When we meet a new person we need to assess quickly if he or she is positive or negative towards us, the way other animals do for survival reasons.This is general done by seeing other person’s body (gesture) – the same way we do in what is known as ‘mirroring’. Bonding with each other happens, when we mirror each other’s body language – a indication of accepted and creating rapport. I am sure many of us have noticed a common mirroring is yawning – one person starts and it sets everyone off. Robert Provine found that yawning is so contagious you don’t even need to see another person yawn – the sight of a wide-open mouth is enough to do it. It was once thought that the purpose of yawning was to oxygenate the body but we now know that it’s a form of mirroring that serves to create rapport with others and to avoid aggression — just as it also does for monkeys and chimps.

At times we see that non-verbal mirroring at party – for example two people show up at a party or meeting wearing the same outfit, they could become lifelong friends. This is why people at a rock concert will all jump to their feet and applaud simultaneously or give a ‘Mexican Wave’ together. The syn-chronicity of the crowd promotes a secure feeling in the participants. Similarly, people in an angry mob will mirror aggressive attitudes and this explains why many usually calm people can lose their cool in this situation.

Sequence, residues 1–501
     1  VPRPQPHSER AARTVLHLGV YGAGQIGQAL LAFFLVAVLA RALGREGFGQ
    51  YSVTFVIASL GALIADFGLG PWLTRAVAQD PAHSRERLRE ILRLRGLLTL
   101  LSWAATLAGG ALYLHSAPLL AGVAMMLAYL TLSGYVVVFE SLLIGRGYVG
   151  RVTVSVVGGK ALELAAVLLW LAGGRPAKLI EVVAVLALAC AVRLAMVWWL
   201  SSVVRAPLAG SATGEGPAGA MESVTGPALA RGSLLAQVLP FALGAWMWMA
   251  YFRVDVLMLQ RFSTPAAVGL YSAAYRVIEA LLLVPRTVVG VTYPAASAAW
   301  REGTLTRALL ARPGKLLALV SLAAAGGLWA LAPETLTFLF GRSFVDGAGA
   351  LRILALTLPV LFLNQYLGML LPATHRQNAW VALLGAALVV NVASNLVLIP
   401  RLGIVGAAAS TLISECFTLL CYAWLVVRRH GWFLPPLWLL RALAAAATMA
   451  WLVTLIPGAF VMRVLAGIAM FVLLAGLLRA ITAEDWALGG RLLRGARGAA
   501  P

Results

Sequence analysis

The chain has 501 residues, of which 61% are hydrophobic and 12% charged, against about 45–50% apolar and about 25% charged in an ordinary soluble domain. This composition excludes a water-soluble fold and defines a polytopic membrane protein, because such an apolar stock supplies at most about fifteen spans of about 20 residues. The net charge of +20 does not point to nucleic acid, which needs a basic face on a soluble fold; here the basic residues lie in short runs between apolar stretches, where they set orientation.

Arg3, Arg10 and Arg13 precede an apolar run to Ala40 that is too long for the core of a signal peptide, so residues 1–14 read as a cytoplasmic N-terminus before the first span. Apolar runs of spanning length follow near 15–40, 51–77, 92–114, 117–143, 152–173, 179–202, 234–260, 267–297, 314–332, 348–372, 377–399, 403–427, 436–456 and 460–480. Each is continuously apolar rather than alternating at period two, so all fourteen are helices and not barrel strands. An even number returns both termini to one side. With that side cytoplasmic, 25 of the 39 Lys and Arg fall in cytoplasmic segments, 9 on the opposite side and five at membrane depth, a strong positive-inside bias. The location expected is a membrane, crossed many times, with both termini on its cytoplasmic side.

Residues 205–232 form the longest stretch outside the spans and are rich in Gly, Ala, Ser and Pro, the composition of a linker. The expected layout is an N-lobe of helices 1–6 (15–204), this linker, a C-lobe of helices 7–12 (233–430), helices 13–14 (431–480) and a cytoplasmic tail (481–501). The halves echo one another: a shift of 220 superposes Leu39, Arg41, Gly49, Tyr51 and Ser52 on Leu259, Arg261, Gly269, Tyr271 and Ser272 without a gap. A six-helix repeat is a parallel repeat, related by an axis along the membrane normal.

The urge to mirror is also the basis on which a queue works. In a queue, people willingly co-operate with people they have never met and will never see again, obeying an unwritten set of behavioural rules while waiting for a bus, at an art gallery, in a bank or side by side in war. Professor Joseph Heinrich from the University of Michigan found that the urges to mirror others are hardwired into the brain because co-operation leads to more food, better health and Learning to mirror our parents begins early: Prince Philip and a young Prince Charles in perfect step
economic growth for communities. It also offers an explanation as to why societies that are highly disciplined in mirroring, such as the British, Germans and ancient Romans successfully dominated the world for many years.

Mirroring makes others feel ‘at ease’. It’s such a powerful rapport-building tool that slow-motion video research reveals that it even extends to simultaneous blinking, nostril-flaring, eyebrow-raising and even pupil dilation, which is remarkable as these micro-gestures cannot be consciously imitated.

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